The history of Palermo, indeed the history of all of Sicily, is a record of by whom they were conquered and when. Palermo is believed to have been settled by the Phoenicians sometime the eighth century BCE. The name is a derivation of the Greek, 'Panormus,' meaning 'all ports.'

Phoenicians and Romans

    Palermo remained under Phoenician rule until the First Punic War, around 250 BCE, when all of Sicily was conquered by the Romans and ruled with Syracuse as the center of provincial power. This lasted for about eight hundred years with few disruptions except for attacks by various barbarian tribes. Palermo then fell under control of the Byzantine Empire, the former East Roman Empire.

Arab Rule

    In the 9th century  the Arabs arrived from North Africa to aid the Sicilian ruler, Euphimius, and took over rule of Palermo from him when he died shortly after their arrival. By 900, the Arabs had conquered most of the island and had moved the center of power in Sicily to Palermo. The period under Arab rule is generally considered to be one of great prosperity in which significant improvements were made in the arts as well as the city's economy. The Arab influence can still be seen in some of the mosques surviving from this period.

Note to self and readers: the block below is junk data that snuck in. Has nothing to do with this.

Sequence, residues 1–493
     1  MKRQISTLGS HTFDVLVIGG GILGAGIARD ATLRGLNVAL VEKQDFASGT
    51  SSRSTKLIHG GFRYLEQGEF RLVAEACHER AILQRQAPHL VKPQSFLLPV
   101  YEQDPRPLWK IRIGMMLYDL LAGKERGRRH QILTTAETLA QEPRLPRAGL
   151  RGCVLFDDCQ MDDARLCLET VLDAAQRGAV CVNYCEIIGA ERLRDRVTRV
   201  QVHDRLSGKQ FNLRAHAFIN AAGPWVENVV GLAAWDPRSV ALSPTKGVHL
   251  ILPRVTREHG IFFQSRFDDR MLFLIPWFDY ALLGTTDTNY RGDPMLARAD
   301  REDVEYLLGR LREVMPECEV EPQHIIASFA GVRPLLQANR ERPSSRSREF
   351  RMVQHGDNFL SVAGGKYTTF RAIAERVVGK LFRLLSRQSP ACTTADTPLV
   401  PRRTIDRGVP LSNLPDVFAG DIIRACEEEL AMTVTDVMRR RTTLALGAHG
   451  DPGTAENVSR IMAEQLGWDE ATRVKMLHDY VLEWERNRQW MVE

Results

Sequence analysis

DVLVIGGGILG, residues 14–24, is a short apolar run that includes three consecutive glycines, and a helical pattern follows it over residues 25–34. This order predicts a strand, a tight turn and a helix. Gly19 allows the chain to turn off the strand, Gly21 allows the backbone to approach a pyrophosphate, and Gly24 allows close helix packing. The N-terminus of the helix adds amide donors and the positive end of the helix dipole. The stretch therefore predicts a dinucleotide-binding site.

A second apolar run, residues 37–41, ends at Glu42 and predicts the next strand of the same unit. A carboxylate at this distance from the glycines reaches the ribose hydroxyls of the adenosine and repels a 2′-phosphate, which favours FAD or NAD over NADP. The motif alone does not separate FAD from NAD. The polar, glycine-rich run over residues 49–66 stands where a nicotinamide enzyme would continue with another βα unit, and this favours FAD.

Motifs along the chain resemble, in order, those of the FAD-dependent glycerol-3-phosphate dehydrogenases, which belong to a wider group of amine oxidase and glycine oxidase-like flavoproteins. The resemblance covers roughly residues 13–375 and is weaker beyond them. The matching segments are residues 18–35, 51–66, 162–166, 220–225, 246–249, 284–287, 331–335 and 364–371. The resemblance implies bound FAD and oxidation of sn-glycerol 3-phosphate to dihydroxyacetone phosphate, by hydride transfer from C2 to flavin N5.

11th - 14th Centuries

    After a twelve-year siege by the Normans, Palermo was successfully taken by them in 1072. Holy Roman Emperor Frederick II took up residence in the city when Palermo fell under Roman rule in 1194. In the 13th century, the city was in the hands of French king Charles of Anjou. During this period, the Sicilians revolted against French rule in an insurrection known as the Sicilian Vespers.

15th - 19th Centuries

    The fifteenth century saw the beginning of a long period of Spanish rule on the island, first under the house of Aragon, and later under a united Kingdom of Spain. Relative peace reigned on the island, and a number of churches and convents were set up by various religious orders. The clergy and aristocracy enjoyed a period of affluence, while the hoi polloi suffered under poverty. For a brief period in the 18th century, Sicily fell under control of Austria, but was returned to the Spanish who then allowed Sicily to be unified with the autonomous Bourbon-ruled Kingdom of Naples. Palermo rebelled against Neapolitan rule and finally won independence in 1860. In 1870, Sicily was annexed into the Kingdom of Italy.

20th Century

    Palermo was unscathed in World War I, but suffered heavy damage when Allied forces invaded in 1943. Sicily became an autonomous region in 1947, with the center of power residing in Palermo.